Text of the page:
I could have saved Frenkel a lot of time and effort right after the title of his paper by telling him the answer is no. The sad thing is, this is a doctor who was once the chief of "integrative medicine" at one of the two most respected cancer centers in the US and is still well-regarded within academia—I mean quackademia. This should tell you much of what you need to know with respect to what we are up against in fighting the infiltration of pseudoscience into medicine.
Homeopathy is practiced extensively in Europe, Asia, Middle East, and South America to treat functional disorders and minor ailments.
You may read this as an appeal to the Argument-by-popularity cognitive error, but to me it looks more like a heads-up to fellow-practitioners: "Look at all the money you could take in with these righteous scams, if it weren't for those interfering laws!"
Frenkel evidently espouses the ethical philosophy that if the rubes *can* be duped, then it's your ethical duty to dupe them
My deconstruction of that particular study also provoked some of the most hilariously dumb responses I’ve ever had to any post of mine.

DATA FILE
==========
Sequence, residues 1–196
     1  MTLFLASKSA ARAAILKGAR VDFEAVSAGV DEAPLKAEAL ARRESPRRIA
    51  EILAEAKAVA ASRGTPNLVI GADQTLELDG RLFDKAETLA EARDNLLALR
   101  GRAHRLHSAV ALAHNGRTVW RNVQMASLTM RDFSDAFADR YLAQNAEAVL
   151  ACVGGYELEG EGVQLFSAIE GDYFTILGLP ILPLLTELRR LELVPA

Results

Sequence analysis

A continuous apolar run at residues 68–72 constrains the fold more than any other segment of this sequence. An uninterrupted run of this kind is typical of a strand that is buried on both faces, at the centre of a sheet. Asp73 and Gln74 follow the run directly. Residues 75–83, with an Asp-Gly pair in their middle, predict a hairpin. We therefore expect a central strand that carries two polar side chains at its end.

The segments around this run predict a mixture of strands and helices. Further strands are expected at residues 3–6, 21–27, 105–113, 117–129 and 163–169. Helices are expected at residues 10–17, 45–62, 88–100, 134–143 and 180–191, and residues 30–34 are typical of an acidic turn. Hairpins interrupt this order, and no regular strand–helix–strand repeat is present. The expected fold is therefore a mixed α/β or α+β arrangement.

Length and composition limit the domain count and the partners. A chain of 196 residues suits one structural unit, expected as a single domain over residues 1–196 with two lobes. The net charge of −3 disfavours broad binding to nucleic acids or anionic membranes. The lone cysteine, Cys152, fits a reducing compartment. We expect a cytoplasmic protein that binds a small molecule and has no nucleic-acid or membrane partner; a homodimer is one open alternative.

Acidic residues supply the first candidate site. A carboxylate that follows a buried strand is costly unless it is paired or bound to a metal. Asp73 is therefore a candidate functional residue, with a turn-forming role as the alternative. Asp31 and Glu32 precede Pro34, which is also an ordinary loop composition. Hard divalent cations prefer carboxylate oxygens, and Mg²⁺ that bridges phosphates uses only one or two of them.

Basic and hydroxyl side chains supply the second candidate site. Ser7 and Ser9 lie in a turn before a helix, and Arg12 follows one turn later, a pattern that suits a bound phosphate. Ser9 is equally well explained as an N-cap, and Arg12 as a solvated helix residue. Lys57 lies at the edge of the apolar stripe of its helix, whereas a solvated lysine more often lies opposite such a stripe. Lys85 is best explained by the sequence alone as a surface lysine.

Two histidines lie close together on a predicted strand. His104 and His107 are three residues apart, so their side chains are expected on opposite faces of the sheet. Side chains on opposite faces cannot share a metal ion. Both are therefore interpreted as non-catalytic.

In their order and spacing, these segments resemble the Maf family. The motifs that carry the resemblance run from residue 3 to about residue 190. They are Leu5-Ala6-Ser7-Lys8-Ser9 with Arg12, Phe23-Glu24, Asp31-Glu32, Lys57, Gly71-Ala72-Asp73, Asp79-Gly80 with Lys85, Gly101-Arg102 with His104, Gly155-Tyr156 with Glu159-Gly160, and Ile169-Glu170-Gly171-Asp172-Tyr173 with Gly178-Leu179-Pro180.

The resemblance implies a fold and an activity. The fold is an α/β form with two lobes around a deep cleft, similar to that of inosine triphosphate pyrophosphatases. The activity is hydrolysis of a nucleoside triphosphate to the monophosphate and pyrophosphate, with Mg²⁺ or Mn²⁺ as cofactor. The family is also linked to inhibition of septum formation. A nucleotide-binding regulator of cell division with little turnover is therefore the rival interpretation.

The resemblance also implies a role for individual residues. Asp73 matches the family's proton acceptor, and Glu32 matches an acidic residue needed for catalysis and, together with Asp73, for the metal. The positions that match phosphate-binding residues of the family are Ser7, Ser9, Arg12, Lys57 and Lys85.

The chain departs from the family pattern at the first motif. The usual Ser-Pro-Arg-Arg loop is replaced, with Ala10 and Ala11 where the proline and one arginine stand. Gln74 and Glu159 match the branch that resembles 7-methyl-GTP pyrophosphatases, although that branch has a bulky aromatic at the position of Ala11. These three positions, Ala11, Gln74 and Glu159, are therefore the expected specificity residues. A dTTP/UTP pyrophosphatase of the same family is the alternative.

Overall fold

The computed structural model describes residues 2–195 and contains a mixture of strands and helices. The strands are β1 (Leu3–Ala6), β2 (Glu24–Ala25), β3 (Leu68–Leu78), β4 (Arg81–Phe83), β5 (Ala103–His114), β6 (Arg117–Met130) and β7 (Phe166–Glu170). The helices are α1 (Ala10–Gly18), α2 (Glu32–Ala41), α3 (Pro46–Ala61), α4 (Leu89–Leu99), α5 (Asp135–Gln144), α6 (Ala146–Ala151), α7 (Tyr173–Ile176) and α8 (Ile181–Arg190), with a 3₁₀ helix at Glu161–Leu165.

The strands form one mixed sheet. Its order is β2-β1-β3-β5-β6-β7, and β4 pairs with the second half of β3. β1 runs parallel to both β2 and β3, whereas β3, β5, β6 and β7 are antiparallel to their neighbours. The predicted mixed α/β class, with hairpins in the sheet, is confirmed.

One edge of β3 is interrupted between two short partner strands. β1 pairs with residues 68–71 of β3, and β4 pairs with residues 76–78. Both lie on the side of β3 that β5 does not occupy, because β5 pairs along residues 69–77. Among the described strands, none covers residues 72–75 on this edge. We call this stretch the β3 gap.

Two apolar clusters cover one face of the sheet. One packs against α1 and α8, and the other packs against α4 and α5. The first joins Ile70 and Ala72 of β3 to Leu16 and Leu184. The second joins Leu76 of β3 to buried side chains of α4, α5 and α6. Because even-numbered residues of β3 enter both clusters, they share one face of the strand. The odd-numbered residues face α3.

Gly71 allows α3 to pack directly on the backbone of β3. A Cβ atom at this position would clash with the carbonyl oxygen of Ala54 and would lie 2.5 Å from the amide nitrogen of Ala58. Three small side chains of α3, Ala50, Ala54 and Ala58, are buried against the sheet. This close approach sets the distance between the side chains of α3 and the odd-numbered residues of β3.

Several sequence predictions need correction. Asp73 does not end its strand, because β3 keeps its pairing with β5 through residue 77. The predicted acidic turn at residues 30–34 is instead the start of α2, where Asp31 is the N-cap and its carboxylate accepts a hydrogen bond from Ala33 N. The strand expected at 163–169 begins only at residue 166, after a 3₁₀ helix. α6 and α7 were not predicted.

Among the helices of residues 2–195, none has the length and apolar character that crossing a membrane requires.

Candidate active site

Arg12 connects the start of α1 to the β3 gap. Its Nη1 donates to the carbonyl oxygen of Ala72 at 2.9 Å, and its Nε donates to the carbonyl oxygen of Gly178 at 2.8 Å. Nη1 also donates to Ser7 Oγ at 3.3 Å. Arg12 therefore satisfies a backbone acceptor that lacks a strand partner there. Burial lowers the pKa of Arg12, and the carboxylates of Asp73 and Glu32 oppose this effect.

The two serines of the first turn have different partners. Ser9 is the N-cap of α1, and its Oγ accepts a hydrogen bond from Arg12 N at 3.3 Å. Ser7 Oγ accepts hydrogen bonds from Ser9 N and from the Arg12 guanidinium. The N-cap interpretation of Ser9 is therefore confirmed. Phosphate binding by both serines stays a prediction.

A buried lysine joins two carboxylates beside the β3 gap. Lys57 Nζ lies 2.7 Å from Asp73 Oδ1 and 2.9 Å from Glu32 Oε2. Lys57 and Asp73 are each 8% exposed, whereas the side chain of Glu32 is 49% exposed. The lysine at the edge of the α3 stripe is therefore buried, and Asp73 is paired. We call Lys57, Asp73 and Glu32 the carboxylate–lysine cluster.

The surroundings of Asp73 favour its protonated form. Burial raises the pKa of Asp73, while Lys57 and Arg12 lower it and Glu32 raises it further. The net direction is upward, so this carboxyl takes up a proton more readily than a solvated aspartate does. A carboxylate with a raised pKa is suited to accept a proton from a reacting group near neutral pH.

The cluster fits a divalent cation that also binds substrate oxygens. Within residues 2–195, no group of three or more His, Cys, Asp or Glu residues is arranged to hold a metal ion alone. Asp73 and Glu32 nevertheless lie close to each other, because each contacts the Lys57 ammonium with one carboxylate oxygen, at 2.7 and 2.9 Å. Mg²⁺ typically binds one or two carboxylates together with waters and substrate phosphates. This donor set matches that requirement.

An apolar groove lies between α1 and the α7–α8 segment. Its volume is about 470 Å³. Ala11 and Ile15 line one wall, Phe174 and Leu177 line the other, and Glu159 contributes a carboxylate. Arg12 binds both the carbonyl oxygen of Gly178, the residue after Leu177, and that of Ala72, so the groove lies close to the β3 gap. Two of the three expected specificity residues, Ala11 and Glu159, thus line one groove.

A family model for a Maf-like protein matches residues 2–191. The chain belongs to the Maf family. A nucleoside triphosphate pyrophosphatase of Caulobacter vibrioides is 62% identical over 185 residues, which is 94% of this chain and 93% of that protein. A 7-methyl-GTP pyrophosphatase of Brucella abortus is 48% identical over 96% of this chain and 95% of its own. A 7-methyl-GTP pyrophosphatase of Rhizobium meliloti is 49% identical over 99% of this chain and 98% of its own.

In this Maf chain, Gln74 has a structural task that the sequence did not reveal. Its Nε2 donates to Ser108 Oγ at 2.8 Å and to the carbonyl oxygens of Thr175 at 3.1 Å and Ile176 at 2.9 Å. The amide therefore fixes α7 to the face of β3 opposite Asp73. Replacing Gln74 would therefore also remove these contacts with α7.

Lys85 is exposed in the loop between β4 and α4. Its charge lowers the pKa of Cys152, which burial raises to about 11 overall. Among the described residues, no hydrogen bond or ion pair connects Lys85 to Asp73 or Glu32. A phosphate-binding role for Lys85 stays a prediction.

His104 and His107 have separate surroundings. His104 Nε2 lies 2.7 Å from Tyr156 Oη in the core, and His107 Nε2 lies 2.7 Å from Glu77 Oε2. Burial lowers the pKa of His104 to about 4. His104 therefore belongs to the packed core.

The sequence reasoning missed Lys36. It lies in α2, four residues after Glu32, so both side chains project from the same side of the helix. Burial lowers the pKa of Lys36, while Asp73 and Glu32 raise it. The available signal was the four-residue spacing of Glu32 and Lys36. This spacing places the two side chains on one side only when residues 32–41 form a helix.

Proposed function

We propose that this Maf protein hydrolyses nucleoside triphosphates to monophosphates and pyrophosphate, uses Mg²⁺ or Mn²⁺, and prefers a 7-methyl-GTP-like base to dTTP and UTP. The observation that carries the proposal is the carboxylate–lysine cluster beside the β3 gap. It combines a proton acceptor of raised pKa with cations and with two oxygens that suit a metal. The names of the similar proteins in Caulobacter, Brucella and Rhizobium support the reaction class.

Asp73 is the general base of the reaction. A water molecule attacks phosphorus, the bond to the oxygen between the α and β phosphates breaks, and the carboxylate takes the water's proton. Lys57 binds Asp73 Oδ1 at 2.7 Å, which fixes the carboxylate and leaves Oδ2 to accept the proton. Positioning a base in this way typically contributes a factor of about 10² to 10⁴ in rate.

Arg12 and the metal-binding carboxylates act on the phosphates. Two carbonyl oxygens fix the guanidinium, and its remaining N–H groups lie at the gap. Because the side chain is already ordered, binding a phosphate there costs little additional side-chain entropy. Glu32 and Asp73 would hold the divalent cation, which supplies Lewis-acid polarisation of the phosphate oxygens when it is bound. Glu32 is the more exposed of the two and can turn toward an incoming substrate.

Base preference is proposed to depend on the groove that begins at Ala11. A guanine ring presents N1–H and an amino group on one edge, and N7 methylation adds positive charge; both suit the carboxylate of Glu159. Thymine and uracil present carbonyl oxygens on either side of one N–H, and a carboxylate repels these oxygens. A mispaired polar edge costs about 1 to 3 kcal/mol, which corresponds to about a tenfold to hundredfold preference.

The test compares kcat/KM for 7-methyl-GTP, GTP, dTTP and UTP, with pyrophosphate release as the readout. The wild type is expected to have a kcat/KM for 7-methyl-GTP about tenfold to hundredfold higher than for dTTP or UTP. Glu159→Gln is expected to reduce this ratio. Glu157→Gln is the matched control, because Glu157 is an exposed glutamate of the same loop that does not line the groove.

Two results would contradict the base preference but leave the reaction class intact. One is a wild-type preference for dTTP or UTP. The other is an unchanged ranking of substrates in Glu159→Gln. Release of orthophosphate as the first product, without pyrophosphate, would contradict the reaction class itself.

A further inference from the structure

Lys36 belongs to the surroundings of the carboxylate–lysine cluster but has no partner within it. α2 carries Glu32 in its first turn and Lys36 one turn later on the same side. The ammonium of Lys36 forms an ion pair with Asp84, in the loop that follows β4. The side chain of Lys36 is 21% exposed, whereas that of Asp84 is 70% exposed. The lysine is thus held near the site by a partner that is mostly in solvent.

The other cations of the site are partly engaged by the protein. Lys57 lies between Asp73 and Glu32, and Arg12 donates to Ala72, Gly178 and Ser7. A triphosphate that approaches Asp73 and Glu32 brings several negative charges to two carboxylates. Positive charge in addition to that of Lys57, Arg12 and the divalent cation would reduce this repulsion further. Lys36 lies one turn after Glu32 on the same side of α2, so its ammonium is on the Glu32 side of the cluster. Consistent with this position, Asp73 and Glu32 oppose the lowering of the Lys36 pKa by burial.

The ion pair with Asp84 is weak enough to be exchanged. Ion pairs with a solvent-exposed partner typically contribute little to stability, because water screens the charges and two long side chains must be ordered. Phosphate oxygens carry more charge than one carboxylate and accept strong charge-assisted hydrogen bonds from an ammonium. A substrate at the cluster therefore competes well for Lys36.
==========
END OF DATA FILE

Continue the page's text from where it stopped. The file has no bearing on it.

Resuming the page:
Stepping into the proper Wayback Machine....
"Five centuries ago, uncannily similar words were addressed by Luther to Copernicus, who had presented his heliocentric theory: “this fool who wishes to reverse the entire science of astronomy.” Isn’t it ironic to find the sceptics caught in the unenviable position of the Church of those times, which relentlessly persecuted anyone who dared oppose its authority and threaten its power, and systematically used brutal repression in lieu of scientific argumentation."
"Is there a role for homeopathy in cancer care?"
If/When I get cancer I wish to conduct a single-arm unblinded trial into the efficacy of punching a homeopath to feel better. Expect positive results.
...with an appeal to popularity, touting how patients with cancer commonly use CAM to “improve their quality of life, to gain a sense of control, and to participate actively in their care.” (One notes that he doesn’t say anything about “to treat their cancers” or “to get better.”